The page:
Commonly known as “uppers,” stimulants up the psychological process which then increases physiological, respiratory, and cardiovascular activities. Due to the additional dopamine release, most stimulant users, especially for the first time, would describe feeling much more energetic, focused, aware, and confident of themselves.
The three major stimulants are amphetamines, methamphetamines, and cocaine. Despite the positive medical use of these drugs for surgical procedures and in the treatment of ADHD, the mere mention of any of these drugs often creates a negative image. Illegal use of street drugs has led to widespread negative views on stimulants and increased care in handling any medical stimulant prescription.
The South American coca plant produces this potent whitish and crystalline drug. Taken illegally, most users snort the powder or dissolve the powder in water to inject into the veins. For an intense, but short-lived high, cocaine also makes crack, which the users can smoke. To increase its street value, cocaine is diluted with sugars.
Though most of its use is illegal, cocaine has legitimate medical purposes. It should come as no surprise since lidocaine is chemically similar to cocaine, and lidocaine is a common anesthetic for most dental procedures. Since cocaine is an excellent vasoconstricting and anesthetic compound, some big hospitals use it for topical application. By blocking nerve impulses, doctors can perform procedures that involve the upper respiratory tract. It also constricts the mucosa membrane.
Cocaine’s fast absorption across mucous membrane explains why most illicit users snort the powder or rub it on the inside of their mouths, particularly the gums. The result in cocaine abuse is central nervous stimulation – which is what happens when this drug blocks dopamine reuptake. Effects in a cocaine high include euphoria, alertness, confidence, and sometimes, sexual arousal.
Most people experience unpleasant side effects like restlessness, irritability, insomnia, and anxiety once they come down from the high. The more one uses cocaine, the more they develop a tolerance to the highs, while side effects intensify and worsen. Adverse psychological, respiratory, and cardiovascular effects heighten, which leads to addiction, overdosing, and death.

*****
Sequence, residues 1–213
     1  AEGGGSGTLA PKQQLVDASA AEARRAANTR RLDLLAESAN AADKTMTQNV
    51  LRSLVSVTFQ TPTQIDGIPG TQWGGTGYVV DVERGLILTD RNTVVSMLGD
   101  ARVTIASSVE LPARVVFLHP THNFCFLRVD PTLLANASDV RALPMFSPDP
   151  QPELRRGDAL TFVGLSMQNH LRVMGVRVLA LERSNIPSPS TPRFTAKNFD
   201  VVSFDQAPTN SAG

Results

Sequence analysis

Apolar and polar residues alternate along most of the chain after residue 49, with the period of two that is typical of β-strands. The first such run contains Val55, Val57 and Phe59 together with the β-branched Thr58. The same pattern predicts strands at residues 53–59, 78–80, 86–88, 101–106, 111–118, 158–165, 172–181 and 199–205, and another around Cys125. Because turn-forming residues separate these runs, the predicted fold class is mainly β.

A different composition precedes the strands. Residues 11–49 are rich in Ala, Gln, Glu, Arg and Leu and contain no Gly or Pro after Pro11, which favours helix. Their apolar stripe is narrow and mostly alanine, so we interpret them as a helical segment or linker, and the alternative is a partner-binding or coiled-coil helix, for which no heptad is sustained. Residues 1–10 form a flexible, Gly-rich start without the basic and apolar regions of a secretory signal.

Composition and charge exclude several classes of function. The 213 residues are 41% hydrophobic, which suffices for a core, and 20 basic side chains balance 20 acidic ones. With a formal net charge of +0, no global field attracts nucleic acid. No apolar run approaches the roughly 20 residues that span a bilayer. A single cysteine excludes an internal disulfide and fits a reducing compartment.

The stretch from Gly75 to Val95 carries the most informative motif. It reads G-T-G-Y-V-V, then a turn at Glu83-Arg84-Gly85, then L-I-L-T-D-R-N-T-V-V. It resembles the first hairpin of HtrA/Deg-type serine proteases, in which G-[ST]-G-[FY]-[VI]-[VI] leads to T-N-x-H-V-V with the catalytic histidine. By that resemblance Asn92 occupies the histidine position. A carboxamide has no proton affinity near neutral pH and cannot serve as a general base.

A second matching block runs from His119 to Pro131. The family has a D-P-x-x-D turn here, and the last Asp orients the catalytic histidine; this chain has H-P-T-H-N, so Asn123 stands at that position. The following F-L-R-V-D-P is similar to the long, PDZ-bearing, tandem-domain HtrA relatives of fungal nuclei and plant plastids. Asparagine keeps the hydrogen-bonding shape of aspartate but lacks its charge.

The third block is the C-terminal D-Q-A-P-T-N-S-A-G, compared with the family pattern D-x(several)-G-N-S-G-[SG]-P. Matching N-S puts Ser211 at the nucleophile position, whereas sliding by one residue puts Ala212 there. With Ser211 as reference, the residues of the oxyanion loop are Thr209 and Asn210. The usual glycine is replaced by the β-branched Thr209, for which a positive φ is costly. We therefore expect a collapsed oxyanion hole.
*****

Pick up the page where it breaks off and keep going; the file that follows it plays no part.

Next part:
Medically, meth is used in the treatment of (ADHD) Attention Deficit Hyperactivity Disorder. Stimulants affect and change central nervous activity, and meth can help in increasing focus, and improving organizational, visual, and listening skills. Along with an improved diet plan, doctors also use meth for weight loss in severely overweight individuals.
Illegally, meth comes in pill, powder, or crystal form that users can swallow, snort, inject, or smoke. Meth injections and smoking methods are much more potent, and some users increase the intake as well. Since meth and cocaine are stimulants, the effects (both positive and negative) are generally similar – high body temperature, blood pressure, heart rate, euphoria, increased energy and alertness are some of the physiological and psychological effects.
Still, meth has a longer half-life than cocaine, which means that chronic users often experience harsher withdrawal. Heavy and chronic users exhibit confusion, paranoia, anxiety, and even violent behavior. For most illicit drug users who have families, legal family law battles that involve children rarely end in retaining custody, and this often leads to further occupational and social deterioration.